Generally speaking, there are four types of alimony.
Temporary Alimony: Support ordered when the parties are distinguished before divorce.
Rehabilitative Alimony: Support given to some lesser-earning partner for an interval of time necessary become self-sufficient and to get work outside the house.
Permanent Alimony: Support paid to the lesser-earning spouse until the passing of the payor, the death of the recipient, or the remarriage of the recipient.
Reimbursement Alimony: Support given as a compensation for expenses incurred by a spouse during the marriage (like educational expenses).
A few of the possible variables that bear on term and the amount are:
Length of the marriage or civil union – Usually alimony lasts for a duration or interval, which will be longer if the marriage or civil union lasted more. Civil union or a marriage is often a candidate for long-term alimony.
Time divided while still married – In some U.S. states, separation is a triggering event, recognized as the end of the duration of the marriage. Other U.S. states don’t recognize separation or legal separation. In a state not acknowledging separation, a 2-year union followed by an 8 -year separation will ordinarily be treated like a 10-year union.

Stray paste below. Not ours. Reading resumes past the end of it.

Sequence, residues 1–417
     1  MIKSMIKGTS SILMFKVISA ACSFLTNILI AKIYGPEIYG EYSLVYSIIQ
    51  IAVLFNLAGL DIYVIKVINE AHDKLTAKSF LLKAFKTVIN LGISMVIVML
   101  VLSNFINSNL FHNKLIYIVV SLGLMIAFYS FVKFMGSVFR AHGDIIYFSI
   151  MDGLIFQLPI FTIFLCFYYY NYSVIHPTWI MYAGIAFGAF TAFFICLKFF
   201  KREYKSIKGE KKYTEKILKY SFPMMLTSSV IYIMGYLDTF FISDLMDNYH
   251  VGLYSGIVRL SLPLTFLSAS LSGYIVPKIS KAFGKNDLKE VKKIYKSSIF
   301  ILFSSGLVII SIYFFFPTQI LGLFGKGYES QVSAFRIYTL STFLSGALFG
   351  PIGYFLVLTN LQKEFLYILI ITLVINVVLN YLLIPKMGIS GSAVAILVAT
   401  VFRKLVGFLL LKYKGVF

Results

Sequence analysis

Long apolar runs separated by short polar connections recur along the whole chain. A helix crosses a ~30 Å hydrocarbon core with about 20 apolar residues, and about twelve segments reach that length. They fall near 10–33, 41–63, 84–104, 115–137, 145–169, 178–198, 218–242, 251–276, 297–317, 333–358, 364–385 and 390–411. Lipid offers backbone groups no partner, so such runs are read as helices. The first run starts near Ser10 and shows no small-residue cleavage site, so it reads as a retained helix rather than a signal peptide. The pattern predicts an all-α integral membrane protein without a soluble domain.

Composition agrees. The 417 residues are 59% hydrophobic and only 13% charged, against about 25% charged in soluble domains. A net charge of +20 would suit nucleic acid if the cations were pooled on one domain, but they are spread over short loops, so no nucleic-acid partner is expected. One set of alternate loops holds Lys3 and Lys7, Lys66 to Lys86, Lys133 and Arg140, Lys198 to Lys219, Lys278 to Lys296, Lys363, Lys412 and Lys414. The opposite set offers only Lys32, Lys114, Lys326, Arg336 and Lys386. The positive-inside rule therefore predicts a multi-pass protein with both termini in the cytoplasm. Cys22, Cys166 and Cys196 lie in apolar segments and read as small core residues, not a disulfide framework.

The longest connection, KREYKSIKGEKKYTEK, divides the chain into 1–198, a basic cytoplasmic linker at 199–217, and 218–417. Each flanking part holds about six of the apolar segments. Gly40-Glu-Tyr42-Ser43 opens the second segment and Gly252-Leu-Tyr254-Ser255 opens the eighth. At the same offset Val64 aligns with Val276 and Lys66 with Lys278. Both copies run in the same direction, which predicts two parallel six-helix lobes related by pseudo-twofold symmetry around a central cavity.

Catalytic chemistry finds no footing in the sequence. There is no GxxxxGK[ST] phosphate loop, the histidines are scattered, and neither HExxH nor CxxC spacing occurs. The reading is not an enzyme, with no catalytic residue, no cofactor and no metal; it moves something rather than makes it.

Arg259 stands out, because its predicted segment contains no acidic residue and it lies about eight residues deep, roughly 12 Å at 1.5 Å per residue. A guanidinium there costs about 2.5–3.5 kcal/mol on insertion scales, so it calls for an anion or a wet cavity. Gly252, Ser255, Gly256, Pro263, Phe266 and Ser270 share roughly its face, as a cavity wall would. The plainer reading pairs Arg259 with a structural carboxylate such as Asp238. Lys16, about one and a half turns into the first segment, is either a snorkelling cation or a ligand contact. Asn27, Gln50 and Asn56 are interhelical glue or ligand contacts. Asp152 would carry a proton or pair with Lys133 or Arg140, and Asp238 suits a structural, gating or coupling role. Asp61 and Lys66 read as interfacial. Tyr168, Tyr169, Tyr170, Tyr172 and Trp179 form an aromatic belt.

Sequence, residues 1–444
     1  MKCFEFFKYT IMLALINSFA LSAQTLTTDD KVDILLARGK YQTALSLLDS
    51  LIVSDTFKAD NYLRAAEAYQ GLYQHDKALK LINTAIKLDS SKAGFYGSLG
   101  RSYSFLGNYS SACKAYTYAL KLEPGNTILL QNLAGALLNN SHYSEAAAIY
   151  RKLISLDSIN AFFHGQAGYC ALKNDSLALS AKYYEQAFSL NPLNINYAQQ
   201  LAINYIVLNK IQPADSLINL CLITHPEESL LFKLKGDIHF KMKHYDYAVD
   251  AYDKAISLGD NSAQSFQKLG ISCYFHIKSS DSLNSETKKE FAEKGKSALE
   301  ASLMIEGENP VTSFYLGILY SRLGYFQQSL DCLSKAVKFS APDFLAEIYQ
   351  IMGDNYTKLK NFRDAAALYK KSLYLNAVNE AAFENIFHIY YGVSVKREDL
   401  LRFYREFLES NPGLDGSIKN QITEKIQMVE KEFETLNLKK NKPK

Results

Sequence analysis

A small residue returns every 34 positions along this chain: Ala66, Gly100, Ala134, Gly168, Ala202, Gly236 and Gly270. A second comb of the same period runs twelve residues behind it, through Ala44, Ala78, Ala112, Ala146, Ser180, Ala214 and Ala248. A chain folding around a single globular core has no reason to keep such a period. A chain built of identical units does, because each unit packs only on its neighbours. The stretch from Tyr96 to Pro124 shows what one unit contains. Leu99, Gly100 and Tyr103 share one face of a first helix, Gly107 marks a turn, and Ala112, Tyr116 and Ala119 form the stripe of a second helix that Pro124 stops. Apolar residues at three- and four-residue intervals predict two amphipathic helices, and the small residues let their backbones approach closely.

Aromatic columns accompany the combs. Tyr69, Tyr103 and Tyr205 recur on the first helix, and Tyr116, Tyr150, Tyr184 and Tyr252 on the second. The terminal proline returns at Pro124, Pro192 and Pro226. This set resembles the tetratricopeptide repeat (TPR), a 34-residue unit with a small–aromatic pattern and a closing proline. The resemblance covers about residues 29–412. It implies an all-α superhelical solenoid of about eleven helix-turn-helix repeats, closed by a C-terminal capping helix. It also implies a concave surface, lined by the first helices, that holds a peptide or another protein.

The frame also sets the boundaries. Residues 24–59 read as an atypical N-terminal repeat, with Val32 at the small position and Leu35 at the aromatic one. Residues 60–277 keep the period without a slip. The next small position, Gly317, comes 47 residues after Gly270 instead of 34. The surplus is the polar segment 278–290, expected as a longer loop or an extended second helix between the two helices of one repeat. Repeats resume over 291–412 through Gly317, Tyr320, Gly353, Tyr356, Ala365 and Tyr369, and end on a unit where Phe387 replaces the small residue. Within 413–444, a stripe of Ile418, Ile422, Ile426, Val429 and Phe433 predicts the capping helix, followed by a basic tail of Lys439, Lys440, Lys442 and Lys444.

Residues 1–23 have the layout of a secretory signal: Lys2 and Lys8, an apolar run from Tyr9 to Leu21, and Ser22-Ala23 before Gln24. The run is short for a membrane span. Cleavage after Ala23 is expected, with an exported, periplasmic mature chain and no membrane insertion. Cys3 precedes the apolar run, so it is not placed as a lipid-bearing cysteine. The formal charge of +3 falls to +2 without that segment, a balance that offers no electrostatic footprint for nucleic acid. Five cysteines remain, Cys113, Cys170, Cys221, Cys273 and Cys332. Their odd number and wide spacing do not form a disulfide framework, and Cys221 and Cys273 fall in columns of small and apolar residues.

Age of the parties at period of the divorce – Normally more youthful partners are considered to be more able to ‘get on’ with their lives, and hence thought to require shorter intervals of support.
Future financial prospects of the parties – A partner who is going to realize significant income in the future will probably need to pay alimony that is higher than one who is not.
Health of the parties – Demand is gone towards by poor health, and possibly an inability to support oneself. The courts do not want to leave one party indigent.
Fault in marital failure – Many U.S. states are ‘no-fault’ states, where one doesn’t have to reveal error to get divorced. No-fault divorce saves the partners the acrimony of the ‘fault’ procedures, and closes the eyes to any and all improper behaviour that is spousal.
Gender of the recipient – In general, females may be much more likely to be granted alimony than males because, historically, men made more cash than females, partially due to having had fewer differences in employment.
In the United States family laws and precedents as females relate to divorce, community property and alimony change according to state law. Some groups have proposed various types of laws to reform alimony parameters (i.e. quantities and term). Alimony terms are one of the most common dilemmas causing litigation in family law cases. Eighty percent of divorce cases demand a request for modification of alimony.